The median age was 6 years (range: 6 months–14 years). The positive signs and symptoms were as follows: fever (100%), headache (94%), vomiting (92%), jolt accentuation (77%), neck stiffness (74%), Kernig sign (29%), and abdominal pain (28%). The median cerebrospinal fluid (CSF) white cell count, neutrophil count, and lymphocyte count were 222 /μL (range: 3–1,434 /μL), 144 /μL (range: 1–1,269 /μL), and 85 /μL (range: 2–354 /μL), respectively. Although the detected viral genes demonstrated same cluster, they were different from E30 strains observed in Japan between 2010 and 2014.

Conclusion

We mainly showed clinical and virological features of the E30-associated aseptic meningitis outbreak that occurred in Kushiro. To prevent further spread of E30 infection, continuous surveillance of enterovirus (EV) circulation and standard precautions are considered essential.

Abbreviations: E30 Echovirus 30 – EV enterovirus – KRCH Kushiro Red Cross Hospital –
RT-PCR reverse transcription-polymerase chain reaction – NA neutralizing antibody – CSF cerebrospinal fluid – CODEHOP consensus-degenerate hybrid oligonucleotide primer – VP viral protein – NT neutralization test – IgG immunoglobulin G – CRP C-reactive protein –

Keywords: aseptic meningitis – echovirus 30 – enterovirus – outbreak – children

© 2019 Elsevier B.V. All rights reserved.

Keywords: Enterovirus; Echovirus 30; Meningitis; Japan.

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#Picornavirus #etiology of acute #infections among hospitalized #infants (J Clin Virol., abstract)

[Source: Journal of Clinical Virology, full page: (LINK). Abstract, edited.]

Journal of Clinical Virology / Available online 25 April 2019 / In Press, Accepted Manuscript

Picornavirus etiology of acute infections among hospitalized infants

Glen R.Abedi a, Kevin Messacar b, William Luong c, W. Allan Nix a, Shannon Rogers a, Krista Queen a, Suxiang Tong a, M. Steven Oberste a, James Watt c, Gretchen Rothrock c, Samuel Dominguez b, Susan I. Gerber a, John T. Watson a

{a} Division of Viral Diseases, National Center for Immunizations and Respiratory Diseases, Centers for Disease Control and Prevention, Atlanta, Ga, United States; {b}
Colorado Emerging Infections Program, Denver, Colo., United States; {c} California Emerging Infections Program, Richmond, Calif., United States

Received 4 December 2018, Revised 17 April 2019, Accepted 23 April 2019, Available online 25 April 2019. DOI: https://doi.org/10.1016/j.jcv.2019.04.005

 

Highlights

  • Enteroviruses (EV) and parechoviruses (PeV) are ubiquitous viruses that cause a range of illness, including acute illness in children aged <1 year.
  • Of 319 patients aged <1 year, CSF specimens from 13 (4.1%) were positive for EV and from 11 (3.4%) for PeV.
  • Sequencing revealed a variety of EV types and the predominance of PeV-A3 among the PeV-positive case-patients.
  • Clinicians should consider EV and PeV infections in infants presenting with febrile illness.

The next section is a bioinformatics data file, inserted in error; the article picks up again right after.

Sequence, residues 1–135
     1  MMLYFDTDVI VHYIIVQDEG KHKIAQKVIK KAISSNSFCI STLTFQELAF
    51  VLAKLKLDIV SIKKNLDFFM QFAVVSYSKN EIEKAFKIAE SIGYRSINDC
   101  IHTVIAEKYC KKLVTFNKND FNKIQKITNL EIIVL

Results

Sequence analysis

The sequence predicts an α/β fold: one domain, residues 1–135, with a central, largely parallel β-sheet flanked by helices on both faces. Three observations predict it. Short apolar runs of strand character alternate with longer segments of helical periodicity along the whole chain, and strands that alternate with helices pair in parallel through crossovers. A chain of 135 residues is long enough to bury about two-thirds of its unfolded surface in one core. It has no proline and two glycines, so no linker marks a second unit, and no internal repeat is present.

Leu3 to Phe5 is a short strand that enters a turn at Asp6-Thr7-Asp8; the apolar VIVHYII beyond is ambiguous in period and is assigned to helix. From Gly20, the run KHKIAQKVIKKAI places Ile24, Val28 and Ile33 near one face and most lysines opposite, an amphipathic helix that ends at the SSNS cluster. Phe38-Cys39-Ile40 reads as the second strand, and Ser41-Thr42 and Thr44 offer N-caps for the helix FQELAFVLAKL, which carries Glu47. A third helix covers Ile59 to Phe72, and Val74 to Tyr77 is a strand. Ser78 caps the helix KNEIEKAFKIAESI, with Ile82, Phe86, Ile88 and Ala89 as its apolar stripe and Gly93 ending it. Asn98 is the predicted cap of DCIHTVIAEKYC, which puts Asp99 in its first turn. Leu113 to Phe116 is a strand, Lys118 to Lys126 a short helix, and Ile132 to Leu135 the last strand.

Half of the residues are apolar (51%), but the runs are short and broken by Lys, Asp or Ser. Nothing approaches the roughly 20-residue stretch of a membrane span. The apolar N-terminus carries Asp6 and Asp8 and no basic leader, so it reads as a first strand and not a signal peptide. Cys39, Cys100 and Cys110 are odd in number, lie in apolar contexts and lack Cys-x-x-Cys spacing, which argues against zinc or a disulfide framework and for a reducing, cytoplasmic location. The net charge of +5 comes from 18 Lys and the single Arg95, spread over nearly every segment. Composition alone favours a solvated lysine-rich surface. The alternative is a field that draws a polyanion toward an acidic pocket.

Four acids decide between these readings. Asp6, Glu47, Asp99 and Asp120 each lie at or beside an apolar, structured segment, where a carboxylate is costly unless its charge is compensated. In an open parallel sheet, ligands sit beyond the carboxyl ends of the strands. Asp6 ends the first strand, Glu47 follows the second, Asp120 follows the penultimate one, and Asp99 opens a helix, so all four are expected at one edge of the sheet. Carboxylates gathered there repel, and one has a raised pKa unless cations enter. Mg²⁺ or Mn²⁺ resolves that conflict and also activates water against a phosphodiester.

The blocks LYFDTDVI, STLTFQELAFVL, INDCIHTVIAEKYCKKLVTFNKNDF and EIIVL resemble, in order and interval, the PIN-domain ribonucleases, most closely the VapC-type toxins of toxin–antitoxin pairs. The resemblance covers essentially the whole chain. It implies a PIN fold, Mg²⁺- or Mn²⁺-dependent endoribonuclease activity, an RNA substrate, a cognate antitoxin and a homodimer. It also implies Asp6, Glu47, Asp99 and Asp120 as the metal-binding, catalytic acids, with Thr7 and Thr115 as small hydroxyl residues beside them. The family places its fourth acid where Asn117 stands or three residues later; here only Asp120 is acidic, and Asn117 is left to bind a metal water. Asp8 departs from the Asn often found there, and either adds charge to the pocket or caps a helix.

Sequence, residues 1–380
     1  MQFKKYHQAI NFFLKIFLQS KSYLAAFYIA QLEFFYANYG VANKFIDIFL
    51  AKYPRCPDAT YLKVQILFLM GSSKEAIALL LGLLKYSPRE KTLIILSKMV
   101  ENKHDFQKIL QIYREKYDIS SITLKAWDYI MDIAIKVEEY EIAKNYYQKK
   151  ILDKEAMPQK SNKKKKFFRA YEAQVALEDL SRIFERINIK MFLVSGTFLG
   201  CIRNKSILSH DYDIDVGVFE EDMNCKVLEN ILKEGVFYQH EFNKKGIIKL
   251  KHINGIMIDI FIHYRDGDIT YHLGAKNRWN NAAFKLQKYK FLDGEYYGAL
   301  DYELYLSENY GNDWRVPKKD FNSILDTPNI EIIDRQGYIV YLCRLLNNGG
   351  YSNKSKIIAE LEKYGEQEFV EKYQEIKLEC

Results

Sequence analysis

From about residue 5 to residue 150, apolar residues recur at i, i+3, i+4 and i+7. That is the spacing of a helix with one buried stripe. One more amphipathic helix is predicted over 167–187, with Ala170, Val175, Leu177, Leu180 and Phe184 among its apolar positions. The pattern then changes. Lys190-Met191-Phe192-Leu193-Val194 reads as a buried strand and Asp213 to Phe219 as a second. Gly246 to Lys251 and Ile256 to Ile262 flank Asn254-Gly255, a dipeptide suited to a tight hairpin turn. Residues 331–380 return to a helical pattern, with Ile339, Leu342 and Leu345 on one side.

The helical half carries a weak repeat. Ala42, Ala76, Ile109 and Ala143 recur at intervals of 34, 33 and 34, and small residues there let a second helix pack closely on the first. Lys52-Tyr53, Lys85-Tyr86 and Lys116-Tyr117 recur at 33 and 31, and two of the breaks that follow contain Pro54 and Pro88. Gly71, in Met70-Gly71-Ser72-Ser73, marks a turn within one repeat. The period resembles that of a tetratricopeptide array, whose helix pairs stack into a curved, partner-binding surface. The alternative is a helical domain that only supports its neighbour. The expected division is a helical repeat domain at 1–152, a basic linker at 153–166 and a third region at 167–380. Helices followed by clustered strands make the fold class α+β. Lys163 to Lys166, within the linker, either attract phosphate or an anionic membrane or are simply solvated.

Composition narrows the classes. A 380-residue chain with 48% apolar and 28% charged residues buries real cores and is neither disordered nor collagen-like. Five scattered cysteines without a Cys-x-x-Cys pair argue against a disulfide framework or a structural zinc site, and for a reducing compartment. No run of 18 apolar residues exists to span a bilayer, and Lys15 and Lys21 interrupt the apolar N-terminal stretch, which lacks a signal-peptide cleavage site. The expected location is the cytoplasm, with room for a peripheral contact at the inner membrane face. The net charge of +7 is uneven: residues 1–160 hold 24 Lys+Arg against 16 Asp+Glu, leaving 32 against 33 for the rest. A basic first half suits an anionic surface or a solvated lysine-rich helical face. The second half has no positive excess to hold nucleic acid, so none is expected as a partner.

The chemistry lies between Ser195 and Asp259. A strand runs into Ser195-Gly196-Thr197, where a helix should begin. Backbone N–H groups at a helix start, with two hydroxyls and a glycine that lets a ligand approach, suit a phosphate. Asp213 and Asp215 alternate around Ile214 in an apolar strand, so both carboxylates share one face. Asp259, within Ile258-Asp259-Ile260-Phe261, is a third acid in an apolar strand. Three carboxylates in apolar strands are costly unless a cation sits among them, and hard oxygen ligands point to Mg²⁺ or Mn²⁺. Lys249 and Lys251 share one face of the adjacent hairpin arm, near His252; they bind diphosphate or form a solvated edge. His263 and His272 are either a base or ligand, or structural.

Abstract

Background

Enteroviruses (EV) and parechoviruses (PeV) are ubiquitous viruses that cause a range of illness, including acute illness in children aged <1 year.

Objectives

We describe EV and PeV infections among children from 2 US study sites aged <1 year and hospitalized with acute infections. For EV- and PeV-negative case-patients, we explored other viral etiologies.

Methods

Participants were aged <1 year, hospitalized during 2016, and had cerebrospinal fluid (CSF) collected for routine diagnostic testing. Demographic and clinical data were abstracted from medical charts, and residual specimens were sent to CDC for confirmatory testing and typing.

Results

Of 472 eligible case-patients, CSF specimen was available for 319 (67.6%). Among those, 13 (4.1%) were positive for EV and 11 (3.4%) for PeV. Most case-patients (86.8%, n = 277) were aged <2 months, as were all EV- or PeV-positive case-patients. None of the positive case-patients had underlying conditions, and the chief complaint for 91.7% (n = 22) was fever. Twelve positive case-patients were admitted to intensive care (ICU) and had brief hospital stays (median 2 days). Sequencing revealed a variety of EV types and the predominance of PeV-A3 among the PeV-positive case-patients.

Conclusions

A range of EVs and PeVs were associated with acute febrile illnesses leading to hospitalization in children aged <2 months. Approximately half of EV and PeV case-patients were admitted to ICU, but length of hospital stay was brief and illnesses were generally self-limiting. Clinicians should consider EV and PeV infections in infants presenting with febrile illness.

Keywords: enterovirus – parechovirus – infants – fever – sepsis – encephalitis – meningitis

{☆} The conclusions, findings, and opinions expressed by the authors do not necessarily reflect the official position of the U.S. Department of Health and Human Services, the Centers for Disease Control and Prevention, or the authors’ affiliated institutions.

© 2019 Published by Elsevier B.V.

Keywords: Enterovirus; Picornavirus; Parechovirus; Encephalitis; Meningitis; Sepsis; Pediatrics.

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#Genetic #landscape and macro-evolution of co-circulating #Coxsackieviruses A and #VDPV in the #DRC, 2008-2013 (PLoS Negl Trop Dis., abstract)

[Source: PLoS Neglected Tropical Diseases, full page: (LINK). Abstract, edited.]

OPEN ACCESS /  PEER-REVIEWED / RESEARCH ARTICLE

Genetic landscape and macro-evolution of co-circulating Coxsackieviruses A and Vaccine-derived Polioviruses in the Democratic Republic of Congo, 2008-2013

Serge Alain Sadeuh-Mba , Hugo Kavunga-Membo, Marie-Line Joffret, Riziki Yogolelo, Marie Claire Endegue-Zanga, Maël Bessaud, Richard Njouom, Jean-Jacques Muyembe-Tamfu, Francis Delpeyroux

Published: April 19, 2019 / DOI: https://doi.org/10.1371/journal.pntd.0007335 / This is an uncorrected proof.